And when you are finally ready to shop you are not faced by a gloomy square grid. Gently curving aisles lead in a leisurely fashion to the fish, meat and deli counters at the end of the store, the preserve of the dynamic Christy Dempsey.

Like recently retired master baker Denis McSweeney, Christy has worked in Field's for over 40 years. In fact, no fewer than 20 of Field's senior staff – people such as Paddy Toomey, Mary McArthy and Margaret O'Driscoll – have been with him for more than 20 years. This long experience leads to standards of service that no British or German chains can match.

Field's staff never point when you ask for something. They walk you to the item. Or go and get it. Junior staff are not allowed to assume an item is out of stock. So the familiar Dublin dead-beat response "we're probably out of that" is never heard.

Some of this superb training is done by John Field's managers. But mostly it's done by himself. Not at seminars, but by personal example. Like the late Aengus Fanning, he is loath to sit in an office, directing the battle by delegation.

John Field is almost always to be found on the floor. Last Thursday on one of my forays, I found him bent low in the centre of the store, stocking a shelf. He told me this was a regular routine.

"Thursday I take three metres of shelf. I check that everything that should be on that shelf is on it, I send for everything that should be there, I stock it up myself." Yes, but why?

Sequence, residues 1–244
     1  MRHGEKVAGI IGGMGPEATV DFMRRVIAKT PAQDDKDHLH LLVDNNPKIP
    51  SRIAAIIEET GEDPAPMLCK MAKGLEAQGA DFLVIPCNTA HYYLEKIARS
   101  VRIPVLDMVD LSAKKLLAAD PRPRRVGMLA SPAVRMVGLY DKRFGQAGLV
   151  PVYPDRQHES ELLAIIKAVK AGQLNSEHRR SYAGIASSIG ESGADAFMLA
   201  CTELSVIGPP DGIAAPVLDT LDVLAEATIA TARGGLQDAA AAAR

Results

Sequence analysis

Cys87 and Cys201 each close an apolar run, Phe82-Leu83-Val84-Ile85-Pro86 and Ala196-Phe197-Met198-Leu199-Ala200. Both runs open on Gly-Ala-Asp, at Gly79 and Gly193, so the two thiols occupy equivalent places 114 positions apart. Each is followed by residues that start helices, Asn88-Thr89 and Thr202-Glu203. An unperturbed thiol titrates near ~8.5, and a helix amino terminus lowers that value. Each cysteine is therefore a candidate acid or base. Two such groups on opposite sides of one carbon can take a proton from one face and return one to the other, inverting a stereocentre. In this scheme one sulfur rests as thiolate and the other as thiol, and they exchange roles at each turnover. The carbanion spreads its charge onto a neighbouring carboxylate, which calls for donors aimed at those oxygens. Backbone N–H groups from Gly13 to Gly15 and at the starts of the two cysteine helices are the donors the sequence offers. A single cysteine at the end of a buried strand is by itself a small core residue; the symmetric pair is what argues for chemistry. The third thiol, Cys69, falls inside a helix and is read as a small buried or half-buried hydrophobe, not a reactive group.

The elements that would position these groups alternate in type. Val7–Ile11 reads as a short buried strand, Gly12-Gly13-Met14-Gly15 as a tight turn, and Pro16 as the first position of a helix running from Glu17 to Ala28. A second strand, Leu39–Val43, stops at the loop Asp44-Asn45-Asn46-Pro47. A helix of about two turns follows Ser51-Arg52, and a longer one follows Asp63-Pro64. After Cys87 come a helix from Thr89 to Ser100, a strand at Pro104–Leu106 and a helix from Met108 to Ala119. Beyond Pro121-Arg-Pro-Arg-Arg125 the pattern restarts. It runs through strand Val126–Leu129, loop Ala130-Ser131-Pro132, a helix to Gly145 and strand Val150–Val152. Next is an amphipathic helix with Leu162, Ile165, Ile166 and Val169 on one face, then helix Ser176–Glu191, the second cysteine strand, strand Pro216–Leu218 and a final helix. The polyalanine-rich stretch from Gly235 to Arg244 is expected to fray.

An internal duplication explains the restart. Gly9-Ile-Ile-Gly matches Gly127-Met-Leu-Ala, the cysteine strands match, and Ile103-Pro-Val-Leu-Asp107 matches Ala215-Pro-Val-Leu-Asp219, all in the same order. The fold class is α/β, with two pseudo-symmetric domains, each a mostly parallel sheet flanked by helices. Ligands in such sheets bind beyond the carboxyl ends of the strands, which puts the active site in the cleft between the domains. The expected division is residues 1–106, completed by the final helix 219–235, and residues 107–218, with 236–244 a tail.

"Because while I am working at that shelf, every member of staff sees me doing it. Every customer sees me doing it too. And some of them will stop to tell me about stuff they need."

Listening to customers like this has led to Field's huge health food section. "In 1966, we had one coeliac. But our sense of service meant we still baked one loaf for that one coeliac. Today we bake gluten-free bread for 200 people."

John Field also pioneered the employment of intellectually or physically challenged young people. "They are hugely popular with the customers. They boost the morale of the staff who love to look after these kids. They reflect real life and they add to the family feeling."

Today, Field's faces another ferocious challenge. Aldi will soon become the seventh supermarket in Skibbereen. The council talks about 14 new jobs. They don't tell us whether that's worth putting Field's 150 jobs in danger.

John Field is sceptical about the benefits of another addition to a crowded market. RGDATA reports show that €100 spent in a family store injects €250 into the local economy as against €140 from a large multiple. "Do we need another German discounter – and if another comes along after Aldi do we invite them in too?"

John Field may be sceptical but shows no sourness, merely a mordant cynicism about "cui bono?", who benefits. But in feisty middle age, with a lifetime of hard lessons learnt, he will be a formidable foe, for Aldi or anyone else.

Like the Sunday Independent, Field's of Skibbereen is an icon of middle Ireland, successfully walking the tightrope between a popular product and a quality product. Both have competitors who think that there is some secret elixir of success than can be copied cheaply.

But John Field's story, like that of the Sunday Independent, shows the elixir is more elusive. You need a superb staff, with a strong sense of ownership, closely in touch with their country, who believe they are not just selling a newspaper or a can of beans, but creating a loyal constituency. Copy that if you can.

Sunday Independent